Gambrinus – Russian and Latvian Fried Dough
The culmination of my first night of the fried dough extravaganza in Southern California culminated at Gambrinus restaurant on the boardwalk near the Redondo Beach Pier. It seems oddly ironic that I keep returning to a place where I lived for so many years to truly amazing food for when I lived in Redondo, I was usually traveling outside the city for better dining experiences. This proved to be quite a special evening. After a multitude of empanadas from Argentina, Colombia, El Salvador, and Malaysia, our last stop for the evening was to be a departure from those versions of fried dough which predominated from warmer locales for Gambrinus’ cuisine was Russian.
We finally strayed away from the purely fried dough constraint and along with the experimental portion of the meal, ordered a Shuba salad, a traditional Russian salad with layers of pickled herring filets, potatoes, beets, carrots, chopped eggs and mayonnaise one on top of the other. Shuba apparently means “in a fur coat” and the grated egg which topped the offering did give it a furry appearance. Considering the amount of heavy, carb-laden delicacies we had consumed, it was a welcome respite with its clean, crisp flavors of beet and vinegary fish. The mayonnaise was not overpowering and the bit of egg brought just enough richness to counter the heavy food we had been consuming.
But we had already ordered more! It was admittedly a bit of a shock for me. Up until this point, all of the variations of fried dough that we had ordered had been appetizer portions; empanadas and fried puffs of nothing much larger than 2″ or 3″ but what was presented to us as entrées were sizeable portions that almost overwhelmed me! The belashi (apparently also known as belyashi) reminded me of a curling stone in shape and size; round, robust, and heavy. This golden wonder was easily 6″ or 7″ across and 3″ to 4″ high, stuffed with a rich concoction of well-season ground pork and was made with a decidedly thick dough; thicker than I really wanted. While the exterior portion of the dough was rich and tasty, the interior was more spongy than I wanted. I greatly enjoyed the dark, heady filling though and was a bit surprised by the small container of red sauce that was served alongside. Tasting a bit, Mr. R confirmed it was spicy Thai condiment that the owners served because “Americans want spicy things.” Not that the belashi was bland, but most Russian dishes are more muted in their tastes with the contrast provided by the accompanying pickled vegetables or pickled fish.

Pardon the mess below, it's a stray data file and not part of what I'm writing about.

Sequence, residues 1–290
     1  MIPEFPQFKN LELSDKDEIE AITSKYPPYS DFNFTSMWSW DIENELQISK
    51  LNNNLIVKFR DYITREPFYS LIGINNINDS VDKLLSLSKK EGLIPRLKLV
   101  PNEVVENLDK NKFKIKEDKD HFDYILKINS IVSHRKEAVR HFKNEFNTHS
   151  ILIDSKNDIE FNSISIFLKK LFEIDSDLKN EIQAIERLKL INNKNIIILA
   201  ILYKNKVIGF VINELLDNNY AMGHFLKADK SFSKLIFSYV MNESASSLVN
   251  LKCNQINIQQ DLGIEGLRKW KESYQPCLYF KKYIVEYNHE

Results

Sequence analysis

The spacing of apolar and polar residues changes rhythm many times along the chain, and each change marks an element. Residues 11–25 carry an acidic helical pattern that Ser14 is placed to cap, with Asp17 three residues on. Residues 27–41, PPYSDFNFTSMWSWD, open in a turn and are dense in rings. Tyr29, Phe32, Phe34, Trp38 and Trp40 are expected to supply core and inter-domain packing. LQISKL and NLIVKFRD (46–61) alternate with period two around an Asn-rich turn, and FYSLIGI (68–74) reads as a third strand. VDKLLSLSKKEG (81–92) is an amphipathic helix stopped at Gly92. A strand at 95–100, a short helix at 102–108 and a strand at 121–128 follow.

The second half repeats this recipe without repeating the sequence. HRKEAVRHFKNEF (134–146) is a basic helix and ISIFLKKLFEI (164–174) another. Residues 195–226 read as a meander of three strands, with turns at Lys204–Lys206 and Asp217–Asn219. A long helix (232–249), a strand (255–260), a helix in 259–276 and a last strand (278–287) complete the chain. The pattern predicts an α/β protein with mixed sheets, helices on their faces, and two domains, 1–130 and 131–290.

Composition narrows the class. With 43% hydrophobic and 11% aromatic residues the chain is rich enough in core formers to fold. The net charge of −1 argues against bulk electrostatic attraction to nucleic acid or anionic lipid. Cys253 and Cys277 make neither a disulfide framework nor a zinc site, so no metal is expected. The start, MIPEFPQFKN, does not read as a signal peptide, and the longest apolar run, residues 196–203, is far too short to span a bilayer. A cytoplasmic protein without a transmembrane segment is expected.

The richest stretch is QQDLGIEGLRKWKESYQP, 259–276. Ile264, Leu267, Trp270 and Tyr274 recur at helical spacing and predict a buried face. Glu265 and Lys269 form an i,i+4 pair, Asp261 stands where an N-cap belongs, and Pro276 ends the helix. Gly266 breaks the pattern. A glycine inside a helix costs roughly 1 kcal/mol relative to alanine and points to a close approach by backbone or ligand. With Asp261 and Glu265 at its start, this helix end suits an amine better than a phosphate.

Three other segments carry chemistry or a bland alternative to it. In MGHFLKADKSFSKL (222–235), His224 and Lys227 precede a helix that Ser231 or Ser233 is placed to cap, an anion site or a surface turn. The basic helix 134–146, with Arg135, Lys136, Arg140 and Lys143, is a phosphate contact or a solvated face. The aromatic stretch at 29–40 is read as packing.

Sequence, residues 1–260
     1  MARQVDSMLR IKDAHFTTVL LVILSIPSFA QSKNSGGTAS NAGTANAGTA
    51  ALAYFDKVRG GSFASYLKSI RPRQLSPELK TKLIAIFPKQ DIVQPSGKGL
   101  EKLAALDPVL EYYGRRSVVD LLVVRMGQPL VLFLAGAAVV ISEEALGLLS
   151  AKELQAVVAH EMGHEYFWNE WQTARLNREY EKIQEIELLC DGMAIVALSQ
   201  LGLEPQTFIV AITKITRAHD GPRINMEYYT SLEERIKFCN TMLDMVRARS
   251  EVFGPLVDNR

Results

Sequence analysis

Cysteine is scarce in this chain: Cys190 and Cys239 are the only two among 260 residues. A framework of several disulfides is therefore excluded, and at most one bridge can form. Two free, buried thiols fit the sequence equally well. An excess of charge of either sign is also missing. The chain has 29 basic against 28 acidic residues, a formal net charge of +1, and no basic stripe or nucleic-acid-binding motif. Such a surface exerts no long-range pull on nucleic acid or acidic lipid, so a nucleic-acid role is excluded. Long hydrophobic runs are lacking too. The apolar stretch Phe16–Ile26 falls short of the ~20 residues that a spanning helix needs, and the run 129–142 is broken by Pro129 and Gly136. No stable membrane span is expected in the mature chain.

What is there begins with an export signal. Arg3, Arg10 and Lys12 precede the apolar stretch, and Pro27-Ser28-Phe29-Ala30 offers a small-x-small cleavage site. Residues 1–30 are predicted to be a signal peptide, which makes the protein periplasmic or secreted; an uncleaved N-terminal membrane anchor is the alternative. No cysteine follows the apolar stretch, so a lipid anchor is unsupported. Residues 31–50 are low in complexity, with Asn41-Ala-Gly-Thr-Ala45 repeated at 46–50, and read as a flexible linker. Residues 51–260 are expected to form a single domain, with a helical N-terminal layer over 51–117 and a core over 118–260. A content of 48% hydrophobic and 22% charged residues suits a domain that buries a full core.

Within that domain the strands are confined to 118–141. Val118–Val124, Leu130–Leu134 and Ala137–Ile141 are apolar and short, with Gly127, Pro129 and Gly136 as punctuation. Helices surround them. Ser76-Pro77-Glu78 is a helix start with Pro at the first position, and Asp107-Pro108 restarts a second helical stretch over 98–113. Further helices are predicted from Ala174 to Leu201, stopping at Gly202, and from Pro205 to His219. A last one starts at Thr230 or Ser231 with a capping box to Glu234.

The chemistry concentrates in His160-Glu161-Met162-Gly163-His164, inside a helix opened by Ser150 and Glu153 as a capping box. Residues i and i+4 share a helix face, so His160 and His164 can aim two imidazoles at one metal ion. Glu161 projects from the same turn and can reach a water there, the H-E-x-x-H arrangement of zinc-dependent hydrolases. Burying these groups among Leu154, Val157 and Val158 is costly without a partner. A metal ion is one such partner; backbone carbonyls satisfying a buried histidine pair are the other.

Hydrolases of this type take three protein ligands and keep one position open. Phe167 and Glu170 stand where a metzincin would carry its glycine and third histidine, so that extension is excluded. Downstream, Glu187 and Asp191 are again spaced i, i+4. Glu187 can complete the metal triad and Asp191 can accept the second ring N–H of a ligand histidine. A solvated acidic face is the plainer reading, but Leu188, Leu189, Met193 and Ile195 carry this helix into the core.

The other monstrously huge hunk of fried dough was a chebureki, which is more of a Georgian/Latvian dish than Russian (the owners of Gambrinus are from Latvia). Shaped in the empanada-like half moon, the chebureki spilled off the 8″ plate in all its flattened, crisp glory. Also filled with pork but with an entirely different flavor structure than the belashi. Here the meat flavors were more prevalent as the dough casing was thinner and less predominant, but also, this was so juicy that biting into the giant meat pie literally exuded (all over me), heady chunks of white pork with broth. I had to hold the dripping, succulent pie in a napkin and was both sorry I had eaten so much already but so happy at the confluence of flavors.
One other fried dough delicacy was on the menu which I had almost missed but going overboard as we were doing, had to be ordered and tried. Listed on their menu simply as “Garlic Bread,” this dish truly had one of those eyes-rolling-into-the-back-of-my-head experiences. The very same thin, half-slices of meager classic Russian brown bread – hearty and a favorite of mine with salmon – here was drenched with pure butter and garlic and then, with no additional breading, deep-fried and served warmed. So redolent and pungent with garlic and the richness of the butter shining through, I feel it is impossible to describe the impact that such pure, simple ingredients — so untraditionally prepared — can have. This simple offering of garlic fried bread will go down in the annals of one of the finest examples of unexpected genius and will be included in my Top Five of all favored fried doughs of all time. Now, a week later when writing this, I can still taste and crave it. So shockingly good.
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